Corporate Getaways: Great Ideas for Employee Bonding
Oct 20, 2014
In the mid-80s, there was a shift in corporate culture. On-site daycare, nap areas, mini-bars and pingpong tables began to seep into the business sector as the successes of the dot-com philosophy became known. The basic principle was simple—leadership and social interaction go hand-in-hand. Corporate getaways and team building retreats are not new, dating back to the 1920s, but the opportunities and strategies have become plentiful. The new goals surpass simple social interplay and have included therapeutic interventions, communication development, and esteem building, all in a framework of fun.
Drum circles have been the staple of corporate retreat activities for years. Microsoft, Google, and Starbucks have all used drum circles and tribal dance as one of their bonding resources. Research into this form of business bonding activity shows that its effectiveness lies in is non-hierarchical nature. When drumming, the participant falls into a rhythm, requiring no instruction or communication that lends itself to positive emotions. This active, positive state is what positive psychologists call the flow. Being in the flow has been associated with self-efficacy which is one of the primary goals of corporate retreats. If an employee comes away feeling empowered then the experience was a success.
Canada has more than 30,000 lakes, including five out of the 10 biggest in the world. It makes sense that boating and lake related activities are some of the most common for corporate retreats. Boating is a relaxing and fun activity, but it can lead to inequality between the pilot and the crew. To make the activity a team building one, have the participants earn their boating license. In Canada, a boating license is called the Pleasure Craft Operator Card and requires an exam. By mixing the coursework with the recreational fun, the participants bond over a common goal and come away with a tangible, lifelong skill.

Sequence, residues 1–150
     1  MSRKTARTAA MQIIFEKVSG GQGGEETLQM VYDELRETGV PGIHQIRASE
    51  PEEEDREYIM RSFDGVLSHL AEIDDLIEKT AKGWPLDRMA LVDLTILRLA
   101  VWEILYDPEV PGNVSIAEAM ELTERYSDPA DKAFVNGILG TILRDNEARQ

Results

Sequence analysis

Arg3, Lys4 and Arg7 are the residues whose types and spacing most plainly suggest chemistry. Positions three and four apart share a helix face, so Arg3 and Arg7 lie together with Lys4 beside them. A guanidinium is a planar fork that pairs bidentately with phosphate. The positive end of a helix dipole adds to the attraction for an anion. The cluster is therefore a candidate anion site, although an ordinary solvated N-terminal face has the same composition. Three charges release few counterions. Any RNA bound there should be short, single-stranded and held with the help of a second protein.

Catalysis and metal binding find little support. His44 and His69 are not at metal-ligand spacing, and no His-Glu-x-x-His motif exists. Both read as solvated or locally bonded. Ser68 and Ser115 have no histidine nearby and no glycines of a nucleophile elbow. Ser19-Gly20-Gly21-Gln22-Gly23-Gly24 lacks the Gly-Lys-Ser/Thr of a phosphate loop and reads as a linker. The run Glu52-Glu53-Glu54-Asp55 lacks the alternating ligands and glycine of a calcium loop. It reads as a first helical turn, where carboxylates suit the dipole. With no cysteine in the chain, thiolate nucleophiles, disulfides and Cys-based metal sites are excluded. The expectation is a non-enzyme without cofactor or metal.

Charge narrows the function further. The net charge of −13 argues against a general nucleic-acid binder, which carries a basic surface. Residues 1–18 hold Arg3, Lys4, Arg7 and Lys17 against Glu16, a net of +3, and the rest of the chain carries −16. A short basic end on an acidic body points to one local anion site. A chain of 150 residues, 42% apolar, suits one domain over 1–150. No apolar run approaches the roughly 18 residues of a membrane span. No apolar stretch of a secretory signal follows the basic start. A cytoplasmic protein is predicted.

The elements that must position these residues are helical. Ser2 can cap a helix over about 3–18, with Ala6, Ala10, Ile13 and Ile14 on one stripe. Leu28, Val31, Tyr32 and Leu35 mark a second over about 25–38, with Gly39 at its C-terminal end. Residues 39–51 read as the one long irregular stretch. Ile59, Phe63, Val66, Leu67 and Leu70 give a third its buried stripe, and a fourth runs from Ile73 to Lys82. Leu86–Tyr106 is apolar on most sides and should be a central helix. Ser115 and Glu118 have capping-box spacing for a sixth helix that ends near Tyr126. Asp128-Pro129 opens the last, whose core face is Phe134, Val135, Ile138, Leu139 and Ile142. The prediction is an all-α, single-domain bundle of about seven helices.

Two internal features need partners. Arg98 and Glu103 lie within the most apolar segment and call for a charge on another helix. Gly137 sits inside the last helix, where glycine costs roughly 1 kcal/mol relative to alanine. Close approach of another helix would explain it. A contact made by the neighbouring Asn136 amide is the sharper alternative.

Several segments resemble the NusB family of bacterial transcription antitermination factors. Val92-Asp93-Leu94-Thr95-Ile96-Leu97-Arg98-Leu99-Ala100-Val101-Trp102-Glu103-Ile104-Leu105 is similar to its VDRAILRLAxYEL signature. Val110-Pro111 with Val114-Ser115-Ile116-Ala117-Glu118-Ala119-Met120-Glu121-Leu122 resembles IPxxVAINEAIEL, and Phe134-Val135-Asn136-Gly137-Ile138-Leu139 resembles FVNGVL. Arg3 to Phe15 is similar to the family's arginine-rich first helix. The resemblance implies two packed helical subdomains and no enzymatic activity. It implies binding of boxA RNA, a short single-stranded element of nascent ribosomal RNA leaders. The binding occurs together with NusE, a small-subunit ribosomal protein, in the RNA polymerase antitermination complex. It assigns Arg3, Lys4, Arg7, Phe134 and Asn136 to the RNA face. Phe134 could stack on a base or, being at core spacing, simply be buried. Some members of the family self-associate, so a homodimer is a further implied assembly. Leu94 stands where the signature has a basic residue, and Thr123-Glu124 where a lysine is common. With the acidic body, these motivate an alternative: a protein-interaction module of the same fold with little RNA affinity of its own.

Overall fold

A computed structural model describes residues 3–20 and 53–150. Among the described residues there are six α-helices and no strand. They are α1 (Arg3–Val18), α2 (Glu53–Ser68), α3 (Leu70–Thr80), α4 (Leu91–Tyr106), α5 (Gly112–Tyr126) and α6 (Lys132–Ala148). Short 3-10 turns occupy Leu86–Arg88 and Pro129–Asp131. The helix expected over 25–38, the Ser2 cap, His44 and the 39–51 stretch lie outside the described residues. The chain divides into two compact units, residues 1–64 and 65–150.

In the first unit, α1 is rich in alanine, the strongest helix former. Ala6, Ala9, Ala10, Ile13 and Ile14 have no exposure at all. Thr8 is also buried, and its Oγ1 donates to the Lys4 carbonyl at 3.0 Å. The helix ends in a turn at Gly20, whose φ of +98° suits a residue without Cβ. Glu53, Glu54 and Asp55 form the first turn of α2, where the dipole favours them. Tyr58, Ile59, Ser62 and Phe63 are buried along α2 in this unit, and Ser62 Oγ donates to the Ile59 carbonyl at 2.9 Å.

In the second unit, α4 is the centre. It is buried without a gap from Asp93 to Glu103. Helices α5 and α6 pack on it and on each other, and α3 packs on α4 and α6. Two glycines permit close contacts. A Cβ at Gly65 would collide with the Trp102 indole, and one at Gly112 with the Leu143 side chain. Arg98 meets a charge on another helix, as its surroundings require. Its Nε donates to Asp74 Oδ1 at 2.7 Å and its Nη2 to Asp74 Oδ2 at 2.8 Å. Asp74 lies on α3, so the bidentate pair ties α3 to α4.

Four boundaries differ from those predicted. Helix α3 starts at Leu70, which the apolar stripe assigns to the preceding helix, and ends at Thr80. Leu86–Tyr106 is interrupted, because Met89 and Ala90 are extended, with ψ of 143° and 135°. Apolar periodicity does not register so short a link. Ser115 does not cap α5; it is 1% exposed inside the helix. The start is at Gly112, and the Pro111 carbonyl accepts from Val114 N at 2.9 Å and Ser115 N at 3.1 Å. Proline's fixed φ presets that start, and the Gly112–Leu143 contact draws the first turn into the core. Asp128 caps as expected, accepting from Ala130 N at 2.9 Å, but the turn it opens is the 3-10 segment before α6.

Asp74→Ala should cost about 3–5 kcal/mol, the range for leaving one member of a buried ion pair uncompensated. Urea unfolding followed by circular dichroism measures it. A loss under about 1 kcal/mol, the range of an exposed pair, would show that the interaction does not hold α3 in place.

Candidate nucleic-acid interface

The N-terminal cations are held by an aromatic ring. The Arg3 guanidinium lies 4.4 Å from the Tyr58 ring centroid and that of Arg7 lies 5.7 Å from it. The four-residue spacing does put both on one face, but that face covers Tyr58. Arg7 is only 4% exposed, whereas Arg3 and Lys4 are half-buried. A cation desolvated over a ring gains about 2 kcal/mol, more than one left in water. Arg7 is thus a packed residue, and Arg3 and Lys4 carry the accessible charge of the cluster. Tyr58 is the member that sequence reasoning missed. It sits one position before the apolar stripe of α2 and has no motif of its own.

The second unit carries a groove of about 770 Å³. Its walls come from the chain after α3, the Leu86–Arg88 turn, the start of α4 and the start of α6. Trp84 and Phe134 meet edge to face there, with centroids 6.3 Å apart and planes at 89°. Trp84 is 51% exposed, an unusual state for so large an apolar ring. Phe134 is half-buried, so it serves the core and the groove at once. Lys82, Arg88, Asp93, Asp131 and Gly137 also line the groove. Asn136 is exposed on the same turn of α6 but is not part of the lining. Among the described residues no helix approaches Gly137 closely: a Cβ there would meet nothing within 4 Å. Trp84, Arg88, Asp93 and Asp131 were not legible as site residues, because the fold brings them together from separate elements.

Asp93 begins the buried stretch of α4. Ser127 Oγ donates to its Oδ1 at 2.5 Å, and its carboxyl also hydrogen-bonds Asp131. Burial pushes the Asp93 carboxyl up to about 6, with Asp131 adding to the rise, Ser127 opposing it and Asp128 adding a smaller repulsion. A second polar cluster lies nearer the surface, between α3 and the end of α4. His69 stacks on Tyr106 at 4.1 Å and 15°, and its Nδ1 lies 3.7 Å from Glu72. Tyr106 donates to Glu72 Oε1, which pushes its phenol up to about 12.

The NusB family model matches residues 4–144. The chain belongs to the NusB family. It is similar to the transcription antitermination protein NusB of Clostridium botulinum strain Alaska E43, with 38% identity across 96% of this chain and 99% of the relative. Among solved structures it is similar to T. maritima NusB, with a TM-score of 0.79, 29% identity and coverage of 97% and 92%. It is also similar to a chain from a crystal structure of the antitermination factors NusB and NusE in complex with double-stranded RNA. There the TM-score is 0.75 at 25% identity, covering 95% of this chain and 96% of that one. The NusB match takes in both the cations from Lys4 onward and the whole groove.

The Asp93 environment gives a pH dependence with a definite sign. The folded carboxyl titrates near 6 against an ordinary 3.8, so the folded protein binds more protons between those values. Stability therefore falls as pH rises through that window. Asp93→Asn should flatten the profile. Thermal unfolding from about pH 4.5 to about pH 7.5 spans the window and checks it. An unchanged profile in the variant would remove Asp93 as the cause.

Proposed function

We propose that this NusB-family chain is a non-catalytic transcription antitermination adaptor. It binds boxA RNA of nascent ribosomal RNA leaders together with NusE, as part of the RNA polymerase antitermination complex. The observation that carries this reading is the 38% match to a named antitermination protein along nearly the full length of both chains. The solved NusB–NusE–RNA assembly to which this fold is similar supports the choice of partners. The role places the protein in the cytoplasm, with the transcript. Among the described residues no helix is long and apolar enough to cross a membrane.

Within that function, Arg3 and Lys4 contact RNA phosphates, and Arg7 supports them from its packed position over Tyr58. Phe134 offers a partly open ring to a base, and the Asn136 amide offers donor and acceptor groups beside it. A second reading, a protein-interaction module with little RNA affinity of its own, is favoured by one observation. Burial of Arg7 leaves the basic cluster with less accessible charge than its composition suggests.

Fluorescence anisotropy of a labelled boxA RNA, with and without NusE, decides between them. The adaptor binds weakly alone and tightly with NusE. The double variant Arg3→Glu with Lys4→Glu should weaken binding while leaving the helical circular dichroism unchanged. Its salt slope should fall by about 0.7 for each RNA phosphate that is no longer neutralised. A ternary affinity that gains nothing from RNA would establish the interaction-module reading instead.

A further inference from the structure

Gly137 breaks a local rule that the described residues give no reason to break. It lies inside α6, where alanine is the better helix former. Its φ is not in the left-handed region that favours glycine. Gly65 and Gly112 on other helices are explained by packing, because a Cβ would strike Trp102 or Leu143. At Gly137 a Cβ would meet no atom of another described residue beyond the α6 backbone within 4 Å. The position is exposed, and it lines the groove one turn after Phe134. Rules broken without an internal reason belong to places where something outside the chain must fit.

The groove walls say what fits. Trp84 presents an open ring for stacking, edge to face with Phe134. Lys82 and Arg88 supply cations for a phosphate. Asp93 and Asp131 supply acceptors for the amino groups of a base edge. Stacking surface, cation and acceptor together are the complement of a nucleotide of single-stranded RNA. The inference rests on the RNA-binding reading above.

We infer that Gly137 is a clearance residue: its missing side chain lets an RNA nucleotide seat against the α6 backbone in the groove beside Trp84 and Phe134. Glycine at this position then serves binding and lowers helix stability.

The perfect mix of outdoor fun, therapeutic insight and team building activities, ropes courses are specific to goal-oriented team development. They have specially designed activities to encourage organizational growth and development business communication skills. The depth of insight gained in a ropes course is scalable, depending on the skill of the facilitator. A business can select communication activities like the one where blindfolded team members navigate the woods, never letting go of a rope. Other processes include climbing a tall tree, while safely harnessed, which may trigger fear in some team members. These ropes games are created to allow each person the opportunity for insight into how and why he interacts with others.
For the company that is serious about creating a strong corporate environment, there is group therapy. Whereas other retreats cushion the activities as a fun thing that you might get something from, therapy starts with the premise that everyone needs to work toward a common goal and the best way to do this is to talk it out. There are various modalities to do this. Some will combine it with a ropes course, equine therapy, or surfing activities. Others run the program from a big room and use wiffle bats to let out aggression. If you are looking for something unique that your employees will not forget, this is the way to go.